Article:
18. Lusa (10 February 2012). "Dom Duarte recebe nacionalidade timorense". Diário de Notícias (in Portuguese). Archived from the original on 28 May 2015. Retrieved 13 January 2013.
  19. Lusa (10 February 2012). "Duque de Bragança recebe nacionalidade timorense". Sapo Timor-Leste Notícias. Retrieved 13 January 2013.
  20. Lusa (13 February 2012). "Duque de Bragança cidadão timorense". Diário de Notícias. Archived from the original on 22 July 2018. Retrieved 13 January 2013.
  21. "RTP TeleJornal – D. Duarte de Bragança Traz Recado de Al-Assad". Retrieved 4 August 2018.
  22. "Sol – D. Duarte: Ditador Sírio é 'Muito Bem Intencionado'". Archived from the original on 19 December 2013. Retrieved 28 July 2018.
  23. "Mário Crespo entrevista D. Duarte Pio – SAPO Vídeos". videos.sapo.pt. Retrieved 4 August 2018.
  24. "CPLP – Candidatura da Fundação D. Manuel II a observador consultivo da CPLP" (in Portuguese).
  25. "Notícias MSN – Notícias do dia de Portugal e do mundo. Jornais, revistas, meteorologia, África, euromilhões, ciência e tecnologia -MSN". noticias.pt.msn.com. Archived from the original on 16 February 2013. Retrieved 4 August 2018.
  26. "Parseria entre instituisaun sira importante tebtebes ba funsionamentu husi fórum sosiedade sivil nian – Notícias SAPO – SAPO Notícias". noticias.sapo.tl. Retrieved 4 August 2018.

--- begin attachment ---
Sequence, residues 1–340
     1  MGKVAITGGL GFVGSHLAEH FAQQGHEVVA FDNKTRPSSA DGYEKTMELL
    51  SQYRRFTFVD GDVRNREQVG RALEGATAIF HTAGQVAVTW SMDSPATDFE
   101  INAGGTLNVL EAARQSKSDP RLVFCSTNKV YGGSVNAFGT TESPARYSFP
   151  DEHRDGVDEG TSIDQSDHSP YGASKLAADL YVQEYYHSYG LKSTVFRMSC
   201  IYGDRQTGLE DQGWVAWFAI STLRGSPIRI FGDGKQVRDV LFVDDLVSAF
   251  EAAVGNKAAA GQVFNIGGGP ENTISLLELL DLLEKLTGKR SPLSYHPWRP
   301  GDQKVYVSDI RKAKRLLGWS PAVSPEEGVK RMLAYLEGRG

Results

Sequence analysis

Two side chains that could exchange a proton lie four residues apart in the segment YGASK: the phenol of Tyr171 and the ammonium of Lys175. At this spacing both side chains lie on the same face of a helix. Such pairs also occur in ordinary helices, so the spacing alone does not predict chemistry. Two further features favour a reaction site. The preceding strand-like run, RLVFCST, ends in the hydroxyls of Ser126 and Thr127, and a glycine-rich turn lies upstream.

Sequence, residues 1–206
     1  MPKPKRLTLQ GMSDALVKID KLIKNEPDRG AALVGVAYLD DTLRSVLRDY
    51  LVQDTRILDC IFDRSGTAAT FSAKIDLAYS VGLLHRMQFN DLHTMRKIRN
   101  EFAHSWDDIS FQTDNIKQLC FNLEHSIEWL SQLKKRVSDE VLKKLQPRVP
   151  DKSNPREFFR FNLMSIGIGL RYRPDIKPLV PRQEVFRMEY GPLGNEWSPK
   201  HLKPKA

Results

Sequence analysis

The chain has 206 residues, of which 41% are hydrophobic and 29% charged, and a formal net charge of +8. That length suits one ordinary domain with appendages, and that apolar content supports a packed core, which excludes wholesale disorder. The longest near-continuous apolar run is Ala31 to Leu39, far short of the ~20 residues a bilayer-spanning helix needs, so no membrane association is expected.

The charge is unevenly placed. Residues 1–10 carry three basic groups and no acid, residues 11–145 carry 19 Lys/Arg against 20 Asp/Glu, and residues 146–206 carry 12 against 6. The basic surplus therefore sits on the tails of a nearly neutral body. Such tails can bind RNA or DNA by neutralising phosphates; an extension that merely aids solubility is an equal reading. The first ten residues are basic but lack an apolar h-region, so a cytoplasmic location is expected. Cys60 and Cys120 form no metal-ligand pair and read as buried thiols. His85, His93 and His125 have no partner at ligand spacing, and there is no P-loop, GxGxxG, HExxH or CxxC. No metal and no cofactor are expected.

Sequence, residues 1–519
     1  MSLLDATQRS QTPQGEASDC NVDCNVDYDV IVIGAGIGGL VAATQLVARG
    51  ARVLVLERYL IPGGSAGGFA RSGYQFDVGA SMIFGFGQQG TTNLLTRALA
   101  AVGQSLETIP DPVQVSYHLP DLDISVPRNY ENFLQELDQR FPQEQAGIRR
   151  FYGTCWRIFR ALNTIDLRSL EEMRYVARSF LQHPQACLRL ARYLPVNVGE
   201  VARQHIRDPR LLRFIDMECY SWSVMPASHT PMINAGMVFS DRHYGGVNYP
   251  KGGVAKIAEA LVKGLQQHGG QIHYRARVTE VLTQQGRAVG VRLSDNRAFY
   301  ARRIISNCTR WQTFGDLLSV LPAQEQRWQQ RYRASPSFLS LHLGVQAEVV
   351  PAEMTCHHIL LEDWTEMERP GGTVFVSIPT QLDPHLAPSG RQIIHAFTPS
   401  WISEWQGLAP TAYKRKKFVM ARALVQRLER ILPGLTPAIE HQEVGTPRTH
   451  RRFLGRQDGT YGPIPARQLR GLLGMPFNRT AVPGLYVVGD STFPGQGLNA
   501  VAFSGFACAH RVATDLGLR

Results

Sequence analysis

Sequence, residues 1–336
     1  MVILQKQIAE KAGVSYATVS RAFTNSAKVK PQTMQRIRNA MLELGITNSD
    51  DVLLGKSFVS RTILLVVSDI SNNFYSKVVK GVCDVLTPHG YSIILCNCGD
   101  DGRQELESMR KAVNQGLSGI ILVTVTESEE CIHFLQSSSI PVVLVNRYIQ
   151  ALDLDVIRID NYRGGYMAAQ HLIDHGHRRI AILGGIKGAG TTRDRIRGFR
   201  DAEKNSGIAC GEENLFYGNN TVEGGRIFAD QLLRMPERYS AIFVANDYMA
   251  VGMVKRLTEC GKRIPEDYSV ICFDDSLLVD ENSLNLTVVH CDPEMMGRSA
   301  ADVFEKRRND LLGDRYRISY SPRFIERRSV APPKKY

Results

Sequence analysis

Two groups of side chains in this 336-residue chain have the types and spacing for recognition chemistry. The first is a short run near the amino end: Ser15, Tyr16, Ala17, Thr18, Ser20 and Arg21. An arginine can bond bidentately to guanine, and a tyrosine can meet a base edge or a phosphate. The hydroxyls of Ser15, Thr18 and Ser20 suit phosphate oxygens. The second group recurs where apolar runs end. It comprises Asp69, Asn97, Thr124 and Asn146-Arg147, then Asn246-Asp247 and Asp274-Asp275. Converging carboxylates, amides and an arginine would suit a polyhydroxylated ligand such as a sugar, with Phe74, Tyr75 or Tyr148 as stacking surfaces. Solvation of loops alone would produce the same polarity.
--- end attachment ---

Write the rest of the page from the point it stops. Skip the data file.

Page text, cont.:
27. Cabo Verde Directo – PR recebe Duque de Bragança
  28. "Duque de Bragança, Dom Duarte visita PR". www.rtc.cv. Retrieved 4 August 2018.
  29. Binókulo: Jorge Carlos Fonseca recebe no Palácio do Plateau Dom Duarte, Duque de Bragança Archived 29 October 2013 at the Wayback Machine
  30. Liberal – Duque de Bragança visita hoje o Presidente da República Archived 18 November 2012 at the Wayback Machine
  31. "D. Duarte Pio visita Santiago do Cacém". 16 April 2013. Archived from the original on 16 April 2013. Retrieved 4 August 2018.
  32. "Gazeta de Visue – Visita de S.A.R., o Duque de Bragança Dom Duarte Pio a Oliveira São Pedro". Retrieved 4 August 2018.
  33. "Causa Monárquica – D. Duarte Pio na ilha Terceira". Archived from the original on 14 June 2013. Retrieved 14 January 2013.
  34. "Duque de Bragança vem ao Funchal". Retrieved 4 August 2018.
  35. "Dom Duarte, Duque de Bragança visita Hortas Municipais do Funchal". 27 January 2012. Archived from the original on 27 January 2012. Retrieved 4 August 2018.
  36. "O duque de Bragança, Dom Duarte Pio, visitou na tarde de sexta-feira, 30 de Setembro". Archived from the original on 4 March 2016. Retrieved 4 August 2018.
  37. "Adere-Minho – Dom Duarte Pio de Bragança visita Adere-Minho e recebe Lenço de Namorados do Minho certificado (réplica original de 1912)".
  38. "Causa Monárquica – D Duarte Pio e o 1º de Dezembro". Archived from the original on 1 July 2013. Alt URL
  39. "Extinção do 1.º de Dezembro desvaloriza dia que mais devia unir os portugueses, diz Duarte Pio". Retrieved 4 August 2018.
  40. "Notícias MSN – Notícias do dia de Portugal e do mundo. Jornais, revistas, meteorologia, África, euromilhões, ciência e tecnologia -MSN". noticias.pt.msn.com. Retrieved 4 August 2018.[permanent dead link]

External links[edit]

Duarte Pio, Duke of Braganza
Cadet branch of the House of Aviz
Born: 15 May 1945
Portuguese royalty
Preceded by Duke of Braganza
24 December 1976–present
Title last held by
Luís Filipe
Prince of Beira
Duke of Barcelos

15 May 1945 – 24 December 1976
Succeeded by
Titles in pretence
Preceded by — TITULAR —
King of Portugal and the Algarves
24 December 1976–present
Reason for succession failure:
Kingdom abolished in 1910